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Number Theory Proving operations of congruence modulo m

crypt50

New member
Jun 29, 2013
21
If a, b and m > 0 are integers such that a % b (mod m), then a^n % b^n (mod m) for all positive integers n. I don't know how to go about it, any help would be greatly appreciated.
 

Ackbach

Indicium Physicus
Staff member
Jan 26, 2012
4,193
By '%', do you mean congruent? That's typically written
$$a \equiv b \;( \text{mod} \; m),\qquad \text{and}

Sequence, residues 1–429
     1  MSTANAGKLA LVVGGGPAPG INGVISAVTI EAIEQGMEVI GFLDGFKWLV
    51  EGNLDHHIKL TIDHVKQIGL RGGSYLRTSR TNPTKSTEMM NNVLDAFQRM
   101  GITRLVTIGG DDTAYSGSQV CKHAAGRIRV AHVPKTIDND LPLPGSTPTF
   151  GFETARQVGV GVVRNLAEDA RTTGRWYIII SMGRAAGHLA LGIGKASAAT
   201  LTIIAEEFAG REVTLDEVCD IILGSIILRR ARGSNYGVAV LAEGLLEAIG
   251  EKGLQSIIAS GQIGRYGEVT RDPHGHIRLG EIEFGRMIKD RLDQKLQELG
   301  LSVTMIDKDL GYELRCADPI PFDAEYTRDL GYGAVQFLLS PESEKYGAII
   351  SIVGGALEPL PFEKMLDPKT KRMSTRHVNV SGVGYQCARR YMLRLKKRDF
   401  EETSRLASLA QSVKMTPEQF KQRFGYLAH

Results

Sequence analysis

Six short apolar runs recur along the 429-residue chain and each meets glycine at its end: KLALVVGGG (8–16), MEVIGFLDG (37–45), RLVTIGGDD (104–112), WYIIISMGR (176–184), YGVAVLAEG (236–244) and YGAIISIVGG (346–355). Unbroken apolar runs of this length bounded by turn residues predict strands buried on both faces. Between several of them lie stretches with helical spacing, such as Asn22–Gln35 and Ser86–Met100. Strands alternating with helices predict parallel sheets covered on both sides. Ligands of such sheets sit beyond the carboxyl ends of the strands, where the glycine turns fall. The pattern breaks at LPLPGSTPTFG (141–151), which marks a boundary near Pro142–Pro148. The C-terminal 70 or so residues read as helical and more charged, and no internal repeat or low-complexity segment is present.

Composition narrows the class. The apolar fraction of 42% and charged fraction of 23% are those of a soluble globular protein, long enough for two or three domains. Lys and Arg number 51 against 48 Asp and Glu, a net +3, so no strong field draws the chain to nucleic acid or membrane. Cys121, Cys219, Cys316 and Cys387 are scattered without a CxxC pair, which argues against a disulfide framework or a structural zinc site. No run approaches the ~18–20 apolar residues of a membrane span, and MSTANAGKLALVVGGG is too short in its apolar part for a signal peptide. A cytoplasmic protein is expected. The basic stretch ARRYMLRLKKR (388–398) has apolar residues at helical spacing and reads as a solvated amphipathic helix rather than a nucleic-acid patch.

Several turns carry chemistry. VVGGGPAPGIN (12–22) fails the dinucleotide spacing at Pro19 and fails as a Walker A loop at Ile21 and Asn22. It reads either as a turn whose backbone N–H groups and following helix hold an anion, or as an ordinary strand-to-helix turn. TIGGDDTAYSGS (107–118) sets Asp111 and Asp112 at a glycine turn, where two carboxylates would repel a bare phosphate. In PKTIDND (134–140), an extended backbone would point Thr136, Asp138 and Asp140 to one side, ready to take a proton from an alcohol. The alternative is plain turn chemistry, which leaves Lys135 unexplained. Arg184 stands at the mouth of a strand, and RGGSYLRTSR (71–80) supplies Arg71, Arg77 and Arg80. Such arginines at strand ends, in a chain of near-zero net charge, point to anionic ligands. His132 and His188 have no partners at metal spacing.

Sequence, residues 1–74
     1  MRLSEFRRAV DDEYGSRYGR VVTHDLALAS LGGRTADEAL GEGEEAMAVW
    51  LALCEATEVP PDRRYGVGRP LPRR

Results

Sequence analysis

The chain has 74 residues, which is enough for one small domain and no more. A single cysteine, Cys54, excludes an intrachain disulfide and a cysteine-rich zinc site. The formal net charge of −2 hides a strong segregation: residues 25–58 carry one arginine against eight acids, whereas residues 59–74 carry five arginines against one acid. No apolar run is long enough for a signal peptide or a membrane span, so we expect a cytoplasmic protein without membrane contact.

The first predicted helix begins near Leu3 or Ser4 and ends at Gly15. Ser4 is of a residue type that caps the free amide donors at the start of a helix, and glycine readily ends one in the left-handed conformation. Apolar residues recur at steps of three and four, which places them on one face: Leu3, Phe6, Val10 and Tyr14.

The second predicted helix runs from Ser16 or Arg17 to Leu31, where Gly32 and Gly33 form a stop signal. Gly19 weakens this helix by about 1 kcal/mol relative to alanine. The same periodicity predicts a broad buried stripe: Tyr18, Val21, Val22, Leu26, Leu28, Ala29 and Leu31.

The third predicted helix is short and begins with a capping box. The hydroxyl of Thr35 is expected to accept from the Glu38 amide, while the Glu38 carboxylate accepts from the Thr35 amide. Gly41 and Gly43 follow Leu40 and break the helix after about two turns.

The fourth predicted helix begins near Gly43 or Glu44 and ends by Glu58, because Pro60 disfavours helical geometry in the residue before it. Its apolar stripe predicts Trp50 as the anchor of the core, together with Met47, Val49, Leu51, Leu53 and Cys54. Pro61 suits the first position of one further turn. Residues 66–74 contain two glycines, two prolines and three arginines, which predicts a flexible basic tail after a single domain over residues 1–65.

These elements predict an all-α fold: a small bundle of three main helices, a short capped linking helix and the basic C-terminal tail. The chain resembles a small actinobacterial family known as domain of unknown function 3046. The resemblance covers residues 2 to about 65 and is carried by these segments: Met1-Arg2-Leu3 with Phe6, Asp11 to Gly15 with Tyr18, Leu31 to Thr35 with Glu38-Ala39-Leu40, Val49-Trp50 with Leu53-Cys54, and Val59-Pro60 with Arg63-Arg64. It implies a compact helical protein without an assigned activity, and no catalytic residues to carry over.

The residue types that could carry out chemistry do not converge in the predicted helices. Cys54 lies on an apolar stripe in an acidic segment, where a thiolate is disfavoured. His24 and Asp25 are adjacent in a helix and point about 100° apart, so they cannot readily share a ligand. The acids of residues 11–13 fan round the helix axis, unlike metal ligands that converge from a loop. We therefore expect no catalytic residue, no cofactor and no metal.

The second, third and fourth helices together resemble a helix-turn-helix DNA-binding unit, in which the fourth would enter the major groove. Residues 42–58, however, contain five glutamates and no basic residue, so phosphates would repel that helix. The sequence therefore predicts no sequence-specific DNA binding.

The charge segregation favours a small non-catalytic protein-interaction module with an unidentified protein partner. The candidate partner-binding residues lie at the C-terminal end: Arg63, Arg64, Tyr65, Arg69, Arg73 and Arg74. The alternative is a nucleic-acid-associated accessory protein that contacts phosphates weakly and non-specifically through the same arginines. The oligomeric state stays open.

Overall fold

\qquad a^{n} \equiv b^{n} \;( \text{mod} \; m).$$
Use induction on $n$ to prove this. What will you need to show the inductive step?
 

Klaas van Aarsen

MHB Seeker
Staff member
Mar 5, 2012
8,780
Welcome to MHB, crypt50! :)

Assuming you meant what Ackbach suggested, here's an alternative way.

The expression $a \equiv b \pmod m$ means that there is a $k \in \mathbb Z$ such that $a=b+km$.
This implies that $a^n=(b+km)^n$.
Can you expand the right hand side with the binomial theorem?
If so, what can you conclude?